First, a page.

There will be more of a carbon price fight from the carbonistas that don’t have a plan B…like the Kochs. See “Grover Grovel” for an illustration.

    The positive point about Exxon announcement is that more and more of corporate America is seeing their interests align with carbon pricing vs climate damages. Every company that shifts, even slightly, tips the scales towards action.

  4. Joan Savage says:

    Shrewd move by Exxon, given their role as biggest US natural gas producer.

    The EIA compares carbon dioxide emissions per million BTU of energy produced. Exxon’s natural gas and petroleum are well positioned to be less-hit by a carbon tax.

    EIA “How much carbon dioxide (CO2) is produced when different fuels are burned?”

  5. Mike Roddy says:

    Yeah, but we have to get off gas, too. Even if it’s half the emissions of coal (and it’s likely to be much more than that) this is way too much.

  6. Joan Savage says:

    So true.

  7. Joan Savage says:

    Note that Mobil Exxon’s Brasington echoes Norquist in tying a carbon tax to a revenue-neutral scheme “via tax offsets in other areas,” so that provokes issues of regressive taxation and confusing negotiations about amount of ‘offset.’

  8. prokaryotes says:

    Though my guess is that the main reason to switch- produce less, is because of decline in productivity.

    Saudi Arabia reveals plans to be powered entirely by renewable energy
    World’s biggest oil producer says it wants to make a 100% switch from fossil fuels to clean energy

  9. prokaryotes says:


    Shale Gas And The Overhyping Of Its CO2 Reductions

    Natural gas cannot be credited with the reductions in the US CO2 emissions observed in the last half-decade. Most reductions, nearly 90%, were caused by the decline in petroleum use, displacement of coal by mostly non-price factors, and its replacement by wind, hydro and other renewables. Where low price of natural gas saved some CO2 by displacing coal, it was quickly offset by its increased use in other sectors—highlighting the pitfall of justifying the current market for natural gas as a “bridge” or an interim phase of transition towards clean energy.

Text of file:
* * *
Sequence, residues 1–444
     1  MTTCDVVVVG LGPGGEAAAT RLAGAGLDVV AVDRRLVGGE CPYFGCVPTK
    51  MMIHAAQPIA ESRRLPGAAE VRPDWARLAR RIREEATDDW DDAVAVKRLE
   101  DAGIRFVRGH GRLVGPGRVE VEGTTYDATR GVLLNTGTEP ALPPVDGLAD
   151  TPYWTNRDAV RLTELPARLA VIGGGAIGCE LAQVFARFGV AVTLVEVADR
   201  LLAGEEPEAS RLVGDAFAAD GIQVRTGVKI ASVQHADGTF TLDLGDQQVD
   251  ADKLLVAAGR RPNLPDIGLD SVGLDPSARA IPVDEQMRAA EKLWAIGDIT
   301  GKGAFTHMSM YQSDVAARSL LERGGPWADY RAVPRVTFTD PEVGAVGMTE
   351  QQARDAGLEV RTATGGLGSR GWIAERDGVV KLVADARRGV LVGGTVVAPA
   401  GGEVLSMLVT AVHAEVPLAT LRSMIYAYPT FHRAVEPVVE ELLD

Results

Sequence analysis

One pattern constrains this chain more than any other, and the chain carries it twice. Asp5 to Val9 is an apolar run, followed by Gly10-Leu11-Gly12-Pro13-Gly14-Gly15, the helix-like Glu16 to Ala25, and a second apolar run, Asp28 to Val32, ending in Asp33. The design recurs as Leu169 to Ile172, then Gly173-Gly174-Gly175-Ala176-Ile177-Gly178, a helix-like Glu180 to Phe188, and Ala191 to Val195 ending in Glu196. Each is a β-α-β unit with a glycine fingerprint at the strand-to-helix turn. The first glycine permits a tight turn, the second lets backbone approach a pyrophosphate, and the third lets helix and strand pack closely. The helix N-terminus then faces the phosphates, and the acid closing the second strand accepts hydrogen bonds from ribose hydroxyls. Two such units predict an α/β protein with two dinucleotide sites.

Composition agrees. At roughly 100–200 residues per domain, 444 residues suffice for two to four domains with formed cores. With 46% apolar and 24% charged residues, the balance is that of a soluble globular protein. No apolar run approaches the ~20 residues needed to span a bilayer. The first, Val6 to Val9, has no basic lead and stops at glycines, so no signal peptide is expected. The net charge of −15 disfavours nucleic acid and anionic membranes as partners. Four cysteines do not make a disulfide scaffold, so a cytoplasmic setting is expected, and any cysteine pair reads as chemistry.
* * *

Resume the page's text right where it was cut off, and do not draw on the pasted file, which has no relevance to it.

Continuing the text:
10. prokaryotes says:

    A psychologist perspective on introducing policy legislation, a Carbon taxation.

    Video: Possible new climate policies

  11. Daniel Coffey says:

    Taxes on carbon are another way to slow-walk a shift to non-carbon systems for energy extraction and production like wind, geothermal and large-scale solar.

    Whenever you give governments (local, county, state or federal) a reason to keep a product flowing in order to derive revenue from it, other policies which might actually reduce its use will be weighed against revenue losses.

    For those who are advancing taxes on carbon, remember that any such tax will be passed on and will tend strongly to sustain the status quo use of carbon-based fuels.

  12. Daniel Coffey says:

    Joan: Excellent point. However, also note that I think the better measure is not the emission factor for the energy (BTU) content , but rather the pounds of CO2 produced for each Kwhr generated. A particular generating electricity technology may be less able to convert heat energy content into actual electricity.

    Take a look at

  13. Daniel Coffey says:

    Agreed. The bridging concept is another version of slow-walking which hopes to extend existing technology and investment, even as we will later be required to shift again as the interim technology continues the same problem other carbon-based fuels create.

    Maybe biting the bullet and spending our dollars one time instead of twice does not make sense to oil/natural gas companies, but it does from a risk and double cost standpoint. A bridge invites us to pay twice while raising the risk of run-a-way Greenhouse effect which no amount of effort will contain. That is a fool’s bet.

  14. Mike Roddy says:

    I agree with Exxon about the tax. Why let bankers skim off big cash for doing very little, and enable questionably designed offsets for the likes of ethanol and timber producers?

    The key will be the details. Exxon is OK with a $20 tax, but if it rises rapidly, they will bring out their lobbying troops and fight it. That battle may be where our future will be decided.